No, look, the problem is, this is still the same, right? Everybody died last year, this time last year, there was a huge groundswell of everybody wanting to do something, because somehow something created, you know, just with any news event, or something sparked people's curiosity or interest, lots of attention, including the Daily Mail celebrity electron. And nothing's happened since the right everything was quiet. And I've been beating the drum to say, did you know that currently, nobody knows still, how many disadvantaged school children are affected by a lack of digital access for education. And law, I think November last year, I actually did oppose that give out specific numbers. And these are public sources of data to show that the gap is still potentially 500,000. And that's just my number. That's just the number that I know. And yet nobody really was able to agree or deny. But everybody sort of nodded their head that Yeah, I think the game is still there. And part of it is because everybody's looking at a very macro level, you're at the numbers. And the things that is being dealt with is at a very micro level. But those micro level interventions are not scalable, and they are not visible. Right. So you can see, there's a lot of good work happening already. But I would imagine, it's still a drop in the ocean about the amount of people that you need to help them with, because if you add those two things up, they don't add up, right, these two so far. Right. So this is why it is important that, you know, we can think that things are making progress, such as like, you know, being stretched more strategic, I think that's a good thing. Don't get me wrong, or anybody. But if we look at whether the problem has been elevated somehow on the ground, I will say no, not enough.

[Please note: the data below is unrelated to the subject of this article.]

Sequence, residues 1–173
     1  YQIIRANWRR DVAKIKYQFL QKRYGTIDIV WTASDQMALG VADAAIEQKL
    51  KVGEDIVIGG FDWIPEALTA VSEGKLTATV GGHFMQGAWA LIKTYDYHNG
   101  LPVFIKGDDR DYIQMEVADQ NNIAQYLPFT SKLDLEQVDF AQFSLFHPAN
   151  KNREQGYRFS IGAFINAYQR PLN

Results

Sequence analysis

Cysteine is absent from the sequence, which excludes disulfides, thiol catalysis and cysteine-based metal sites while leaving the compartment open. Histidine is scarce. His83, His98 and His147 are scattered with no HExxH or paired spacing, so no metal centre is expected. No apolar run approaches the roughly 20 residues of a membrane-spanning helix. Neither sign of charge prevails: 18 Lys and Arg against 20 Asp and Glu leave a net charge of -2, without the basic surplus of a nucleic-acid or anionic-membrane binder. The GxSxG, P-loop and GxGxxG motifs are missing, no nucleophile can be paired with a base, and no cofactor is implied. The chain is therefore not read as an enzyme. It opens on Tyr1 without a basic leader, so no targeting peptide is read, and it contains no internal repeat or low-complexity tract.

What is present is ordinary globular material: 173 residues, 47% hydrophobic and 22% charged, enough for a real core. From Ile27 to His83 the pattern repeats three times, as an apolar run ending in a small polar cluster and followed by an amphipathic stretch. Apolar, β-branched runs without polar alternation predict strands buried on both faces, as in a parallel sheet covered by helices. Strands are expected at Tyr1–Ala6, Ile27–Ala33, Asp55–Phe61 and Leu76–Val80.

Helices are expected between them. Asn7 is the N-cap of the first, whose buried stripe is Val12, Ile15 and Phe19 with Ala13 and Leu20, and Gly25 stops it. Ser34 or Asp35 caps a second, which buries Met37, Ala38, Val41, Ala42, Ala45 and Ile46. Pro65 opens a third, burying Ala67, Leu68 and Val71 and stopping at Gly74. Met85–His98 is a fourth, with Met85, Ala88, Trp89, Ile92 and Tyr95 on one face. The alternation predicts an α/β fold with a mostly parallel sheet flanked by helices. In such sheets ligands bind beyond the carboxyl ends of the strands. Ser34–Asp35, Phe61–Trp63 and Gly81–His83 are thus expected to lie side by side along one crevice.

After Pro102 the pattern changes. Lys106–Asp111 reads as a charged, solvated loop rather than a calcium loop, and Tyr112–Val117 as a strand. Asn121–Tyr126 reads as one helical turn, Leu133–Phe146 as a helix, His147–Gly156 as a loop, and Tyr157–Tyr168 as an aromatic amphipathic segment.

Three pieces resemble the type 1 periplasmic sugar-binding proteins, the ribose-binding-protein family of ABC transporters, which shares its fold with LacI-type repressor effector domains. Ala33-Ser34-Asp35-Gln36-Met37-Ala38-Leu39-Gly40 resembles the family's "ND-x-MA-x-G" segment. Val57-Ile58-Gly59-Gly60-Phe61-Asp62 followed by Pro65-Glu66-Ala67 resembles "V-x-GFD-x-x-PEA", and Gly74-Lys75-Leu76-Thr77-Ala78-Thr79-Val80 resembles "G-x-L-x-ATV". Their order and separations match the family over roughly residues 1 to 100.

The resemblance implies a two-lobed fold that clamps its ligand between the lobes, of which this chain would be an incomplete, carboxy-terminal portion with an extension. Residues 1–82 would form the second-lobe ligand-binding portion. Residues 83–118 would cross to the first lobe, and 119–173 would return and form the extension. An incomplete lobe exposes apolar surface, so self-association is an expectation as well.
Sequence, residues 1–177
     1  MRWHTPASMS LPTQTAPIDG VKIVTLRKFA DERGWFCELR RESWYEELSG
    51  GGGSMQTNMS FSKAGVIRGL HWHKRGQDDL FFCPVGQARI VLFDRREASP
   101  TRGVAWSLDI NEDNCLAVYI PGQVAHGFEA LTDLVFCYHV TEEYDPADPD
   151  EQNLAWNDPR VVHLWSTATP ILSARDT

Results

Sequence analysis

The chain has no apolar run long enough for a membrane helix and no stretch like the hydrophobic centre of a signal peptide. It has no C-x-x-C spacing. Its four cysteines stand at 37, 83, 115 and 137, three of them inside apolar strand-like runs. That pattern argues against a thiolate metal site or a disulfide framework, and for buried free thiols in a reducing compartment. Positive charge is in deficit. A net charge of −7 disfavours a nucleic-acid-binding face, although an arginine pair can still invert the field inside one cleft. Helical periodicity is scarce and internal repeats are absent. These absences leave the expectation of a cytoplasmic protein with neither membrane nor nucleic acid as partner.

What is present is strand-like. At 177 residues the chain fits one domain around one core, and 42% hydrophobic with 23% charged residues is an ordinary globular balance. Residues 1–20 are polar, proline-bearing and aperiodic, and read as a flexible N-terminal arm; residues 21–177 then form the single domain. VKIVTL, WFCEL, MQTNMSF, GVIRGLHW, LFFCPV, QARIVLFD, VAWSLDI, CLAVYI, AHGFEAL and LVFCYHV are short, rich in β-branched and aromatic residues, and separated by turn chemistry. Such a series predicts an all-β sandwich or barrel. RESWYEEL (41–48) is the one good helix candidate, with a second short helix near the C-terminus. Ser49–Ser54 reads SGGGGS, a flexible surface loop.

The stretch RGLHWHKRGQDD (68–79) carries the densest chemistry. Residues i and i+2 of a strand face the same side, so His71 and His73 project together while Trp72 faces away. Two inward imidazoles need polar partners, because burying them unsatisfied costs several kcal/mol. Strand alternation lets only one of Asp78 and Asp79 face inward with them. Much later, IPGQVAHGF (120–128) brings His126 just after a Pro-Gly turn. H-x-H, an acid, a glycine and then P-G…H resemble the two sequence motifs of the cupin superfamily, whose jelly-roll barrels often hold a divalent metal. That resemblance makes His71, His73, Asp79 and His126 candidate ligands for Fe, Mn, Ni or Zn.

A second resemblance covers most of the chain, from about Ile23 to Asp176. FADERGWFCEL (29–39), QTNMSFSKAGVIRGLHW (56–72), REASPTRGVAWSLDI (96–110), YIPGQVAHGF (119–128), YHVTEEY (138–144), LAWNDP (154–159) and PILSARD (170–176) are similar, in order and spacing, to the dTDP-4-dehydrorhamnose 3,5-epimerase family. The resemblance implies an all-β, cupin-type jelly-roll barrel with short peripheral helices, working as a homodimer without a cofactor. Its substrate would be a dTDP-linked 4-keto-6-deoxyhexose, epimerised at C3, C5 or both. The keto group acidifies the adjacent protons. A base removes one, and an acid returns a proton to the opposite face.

Ryan Purvis 12:45
But it's gonna take time. I mean, I mean, it's a big gap to close. And a lot of you know, the dots are literally being pulled together. Yeah. So how do you keep the momentum up? I mean, how do you keep going with, you know, it feels like, you know, landmine after landmine?
Freddie Quek 13:04
Yeah, it's, it's interesting, you know, sometimes, especially last year, every week, I asked myself, like, Oh, can I keep going? And what, what is the thing that would be helpful, and I just remind myself, okay, look, if, if all I'm doing is to continue to help to signpost and socialize, and therefore like, like, now, if I'm spending time with you, and now you know what I know, like, now you know that there's such a thing called a national databank. Next time, when you hear about somebody talking about these, you can say, hey, don't try and go to Vodafone and ask for data, if it's a one of those five, but we want to be more strategic, go and work with the national database and ask them to give you a chunk at a time, that's how you will be more scalable. So something right,
Ryan Purvis 13:47
so let's set it back for national database. What does it actually do? I mean, what does it store? What's its purpose?
Freddie Quek 13:55